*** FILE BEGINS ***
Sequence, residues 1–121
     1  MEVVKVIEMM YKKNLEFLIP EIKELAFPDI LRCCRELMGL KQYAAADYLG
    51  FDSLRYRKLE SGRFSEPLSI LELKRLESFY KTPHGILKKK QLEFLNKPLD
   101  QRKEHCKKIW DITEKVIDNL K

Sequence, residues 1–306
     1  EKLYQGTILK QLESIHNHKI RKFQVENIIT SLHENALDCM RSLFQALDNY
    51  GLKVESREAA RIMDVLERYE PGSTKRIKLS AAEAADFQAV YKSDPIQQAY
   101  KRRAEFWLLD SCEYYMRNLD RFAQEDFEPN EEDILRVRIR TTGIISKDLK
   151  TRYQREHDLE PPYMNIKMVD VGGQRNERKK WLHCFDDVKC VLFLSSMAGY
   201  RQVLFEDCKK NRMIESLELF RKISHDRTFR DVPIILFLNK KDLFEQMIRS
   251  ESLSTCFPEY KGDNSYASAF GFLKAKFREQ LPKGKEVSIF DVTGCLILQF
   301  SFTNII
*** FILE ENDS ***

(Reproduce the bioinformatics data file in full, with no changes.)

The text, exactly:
Sequence, residues 1–121
     1  MEVVKVIEMM YKKNLEFLIP EIKELAFPDI LRCCRELMGL KQYAAADYLG
    51  FDSLRYRKLE SGRFSEPLSI LELKRLESFY KTPHGILKKK QLEFLNKPLD
   101  QRKEHCKKIW DITEKVIDNL K

Sequence, residues 1–306
     1  EKLYQGTILK QLESIHNHKI RKFQVENIIT SLHENALDCM RSLFQALDNY
    51  GLKVESREAA RIMDVLERYE PGSTKRIKLS AAEAADFQAV YKSDPIQQAY
   101  KRRAEFWLLD SCEYYMRNLD RFAQEDFEPN EEDILRVRIR TTGIISKDLK
   151  TRYQREHDLE PPYMNIKMVD VGGQRNERKK WLHCFDDVKC VLFLSSMAGY
   201  RQVLFEDCKK NRMIESLELF RKISHDRTFR DVPIILFLNK KDLFEQMIRS
   251  ESLSTCFPEY KGDNSYASAF GFLKAKFREQ LPKGKEVSIF DVTGCLILQF
   301  SFTNII